One of the more popular infertility treatments to increase the numbers of sperm reaching the egg is intrauterine insemination (IUI) with washed sperm. Previous treatments to try to accomplish this goal, including antibiotics to decrease inflammation, estrogen to improve mucus production, guaifenesin (Robitussin) to thin the mucus, and insemination into the cervical mucus were not very effective. Placing the sperm in the uterus bypasses the mucus and eliminates a cervical problem as a factor. It is known to be useful in the treatment of poor-quality mucus or mucus that has antibodies which clump and immobilize sperm. This technique is also successful for mild to moderate reductions of semen quality.
Although the chance of success varies with the individual problem, IUI yields about a 30 percent conception rate over three to six cycles, or 5 to 10 percent per cycle. In such couples the monthly conception rate without treatment might be one to three percent. It is entirely possible that this treatment "telescopes" successes into the treatment cycle, which may have occurred spontaneously within another year or so of trying on their own. But we have not met many infertile couples willing to keep their lives perpetually on hold.
The procedure is usually scheduled based on the results of ultrasounds and the urinary LH testing kit. Based on the woman's cycle and ultrasound observation of the developing follicle, she is instructed when to begin testing and to schedule the insemination on the day following detection of the surge. The test is done in the afternoon or early evening so as not to miss the surge, which usually begins early in the day but may not be detectable in the urine until several hours later. On the day of insemination, the husband masturbates a specimen into a sterile, nontoxic plastic container. Preferably, the couple has avoided intercourse for about two days before the anticipated day of insemination. After the specimen liquefies, it is washed in a nutrient medium. This can be done by a variety of techniques and in any one of several media. The washing procedure produces a concentrated pellet of motile sperm that is mixed with medium and placed into the uterus through the cervix by means of a thin plastic tube.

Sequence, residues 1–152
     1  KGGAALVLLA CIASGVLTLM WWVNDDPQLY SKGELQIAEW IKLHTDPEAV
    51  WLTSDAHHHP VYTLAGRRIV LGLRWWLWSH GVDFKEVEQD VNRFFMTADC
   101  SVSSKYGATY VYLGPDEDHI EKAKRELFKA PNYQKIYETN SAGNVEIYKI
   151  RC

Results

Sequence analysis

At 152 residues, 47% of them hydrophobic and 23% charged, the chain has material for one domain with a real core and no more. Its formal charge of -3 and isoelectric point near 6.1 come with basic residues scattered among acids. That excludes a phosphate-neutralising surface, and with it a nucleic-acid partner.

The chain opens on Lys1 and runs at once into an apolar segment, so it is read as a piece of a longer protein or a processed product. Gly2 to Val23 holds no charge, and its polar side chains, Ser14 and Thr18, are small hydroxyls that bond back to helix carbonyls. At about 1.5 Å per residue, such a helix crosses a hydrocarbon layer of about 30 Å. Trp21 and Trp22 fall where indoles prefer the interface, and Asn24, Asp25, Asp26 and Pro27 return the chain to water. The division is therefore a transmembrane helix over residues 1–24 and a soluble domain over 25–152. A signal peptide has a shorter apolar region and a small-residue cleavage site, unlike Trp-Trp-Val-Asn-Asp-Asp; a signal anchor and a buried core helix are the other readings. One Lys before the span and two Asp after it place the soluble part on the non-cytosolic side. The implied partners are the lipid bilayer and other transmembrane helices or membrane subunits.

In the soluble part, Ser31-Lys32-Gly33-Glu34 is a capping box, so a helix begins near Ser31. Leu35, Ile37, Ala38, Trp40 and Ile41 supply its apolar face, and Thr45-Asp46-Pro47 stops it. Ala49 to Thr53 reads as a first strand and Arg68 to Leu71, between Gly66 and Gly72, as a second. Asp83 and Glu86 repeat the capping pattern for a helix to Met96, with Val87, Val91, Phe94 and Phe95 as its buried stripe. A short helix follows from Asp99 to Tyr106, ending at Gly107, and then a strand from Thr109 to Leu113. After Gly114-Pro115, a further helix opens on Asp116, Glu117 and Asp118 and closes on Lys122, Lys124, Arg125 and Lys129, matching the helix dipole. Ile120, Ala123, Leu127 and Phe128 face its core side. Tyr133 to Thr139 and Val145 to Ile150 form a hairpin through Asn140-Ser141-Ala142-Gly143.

The wash and insemination are relatively inexpensive. Side effects are rare but may include cramping. The risk of complications is low and related chiefly to the possibility of introducing infection and so we usually administer a prophylactic antibiotic at the time of the procedure to prevent infection.